Throughout COVID-19, with jobless queues skyrocketing, small businesses under pressure and uncertainty at the borders, our communities looked to the public sector more than ever before.
The pandemic proved, what many progressives already know, to have a strong society we need a strong public sector.
As we now start to look beyond the pandemic there are opportunities in our recovery – opportunities to rebuild our national capacity, create secure jobs and address the of fault lines of inequality in our society.
The public sector is a crucial piece of this puzzle.
Indeed, to deliver on the promise of the ALP platform, a future Labor Government will need a strong public service.
Creating new public sector jobs and ensuring existing jobs provide job security and good wages and conditions is essential for economic recovery. This is particularly true for women and Australians in regional areas, who have so far been left behind in the Morrison Government’s response.
After years of cuts and ideological attacks there is much work to do. Since 2013 over 12,000 jobs have been cut from the federal public service because of the Morrison Government’s staffing cap.
This cap is driving the privatisation of our public services and an increase in insecure jobs. Even at the height of the pandemic, when the nation desperately needed job creation, the Morrison Government single-mindedly pursued privatisation and insecure work.
The Morrison Government’s ideological approach to the public sector is not only apparent in the staffing cap and privatisation, but also in its obsession with attacking and undermining key national institutions such as the ABC, the CSIRO, and Bureau of Meteorology.
A Labor Government will need to undo the damage wrought by the Morrison Government’s policies – rebuilding public sector capacity, increasing the number of direct, permanent public sector jobs and reducing the use of outsourcing and contracting out.
As we look to the big challenges facing an incoming Labor Government, the role of the government and the public sector in turning the economic tide and our fight against climate change cannot be overstated.
We have lost considerable ground over the last eight years, with action and mitigation replaced with budget cuts and party rhetoric. Since being elected the Coalition Government’s total budgeted expenses for public sector agencies and departments that deal with climate change have been cut by over $3 billion per annum.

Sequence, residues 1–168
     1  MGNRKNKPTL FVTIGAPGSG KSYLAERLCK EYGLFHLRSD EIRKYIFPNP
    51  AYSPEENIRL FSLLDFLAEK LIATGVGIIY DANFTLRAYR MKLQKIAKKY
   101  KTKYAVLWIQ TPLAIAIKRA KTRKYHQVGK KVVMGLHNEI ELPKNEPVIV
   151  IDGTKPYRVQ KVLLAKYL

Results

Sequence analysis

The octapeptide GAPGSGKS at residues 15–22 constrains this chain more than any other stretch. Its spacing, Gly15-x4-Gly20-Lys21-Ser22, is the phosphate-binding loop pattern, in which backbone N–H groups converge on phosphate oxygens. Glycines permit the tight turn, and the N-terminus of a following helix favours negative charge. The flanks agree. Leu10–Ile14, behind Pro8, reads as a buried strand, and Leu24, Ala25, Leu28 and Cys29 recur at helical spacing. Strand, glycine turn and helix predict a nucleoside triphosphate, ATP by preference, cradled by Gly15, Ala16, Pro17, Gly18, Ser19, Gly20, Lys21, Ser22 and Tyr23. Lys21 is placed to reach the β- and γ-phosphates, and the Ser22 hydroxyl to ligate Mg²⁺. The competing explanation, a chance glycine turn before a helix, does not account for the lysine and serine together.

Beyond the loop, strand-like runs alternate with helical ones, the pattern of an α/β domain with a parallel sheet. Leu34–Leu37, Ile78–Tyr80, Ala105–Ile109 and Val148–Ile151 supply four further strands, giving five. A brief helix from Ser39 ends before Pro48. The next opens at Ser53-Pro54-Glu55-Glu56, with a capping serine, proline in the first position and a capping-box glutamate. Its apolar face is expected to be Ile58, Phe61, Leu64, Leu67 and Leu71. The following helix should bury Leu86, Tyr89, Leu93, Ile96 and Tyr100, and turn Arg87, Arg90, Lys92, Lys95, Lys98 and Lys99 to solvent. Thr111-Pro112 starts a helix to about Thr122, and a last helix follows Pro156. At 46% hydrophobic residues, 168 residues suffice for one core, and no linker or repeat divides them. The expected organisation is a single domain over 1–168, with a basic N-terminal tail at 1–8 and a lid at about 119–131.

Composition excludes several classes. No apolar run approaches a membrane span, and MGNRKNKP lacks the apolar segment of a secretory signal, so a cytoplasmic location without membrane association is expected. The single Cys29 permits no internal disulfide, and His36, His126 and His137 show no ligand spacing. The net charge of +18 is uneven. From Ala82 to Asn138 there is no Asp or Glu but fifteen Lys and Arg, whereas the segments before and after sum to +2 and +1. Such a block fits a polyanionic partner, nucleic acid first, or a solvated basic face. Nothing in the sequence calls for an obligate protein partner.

Institutional infrastructure has been degraded with cuts to the Australian Renewable Energy Agency and the Clean Energy Finance Corporation, the abolition of the Climate Commission, the defunding of the Climate Change Authority and the axing of programs such as the Energy Efficiency Opportunities program. These actions must be reversed if we are to have a chance of meeting our international obligations.
Good Labor Governments know that the public service has a critical role as a risk mitigator, enabler of innovation, anchor of support for regional communities during transitions, and a leader through its own actions.
Leading by example, a future Labor Government should commit to a carbon-neutral public service.
Climate change is and will continue to exacerbate existing inequalities, making further investment in regional areas and public services critical. Regional communities, already hard hit by the COVID-19 recession, need support to make the changes necessary.
In regional areas especially we know investment in public service jobs boosts local economies. Research from the Australia Institute shows that for every APS job created a further 1.79 direct jobs are created in that local community.
That is why there must be a stronger and larger role for the public sector assisting the transition of those employed in carbon intensive industries and prioritising new public sector jobs in these regions.
Creating more frontline roles in Services Australia, the National Disability Insurance Agency (NDIA) and the Australian Taxation Office (ATO) will improve access to services and ensure these towns can sustain themselves in a lower carbon economy.
The opportunity at this Conference is to chart a course on the public service that delivers for the Australian community – one that create secure decent jobs, values our public institutions, and offers the nation a way forward on climate change.
In stark contrast to the low road we have seen from the Morrison Government – privatising services, slashing staffing and budgets, increasing the precarity of work and cutting wages.
Our actions at this Conference will determine the agenda and capacity of our nation after the next election. Labor must proudly and unreservedly back the public sector. It is only by doing that, that we will be able to achieve our broader vision and see this platform become a reality.
Melissa Donnelly is the National Secretary of the Community and Public Sector Union, the union that represents APS, ACTPS and NTPS employees.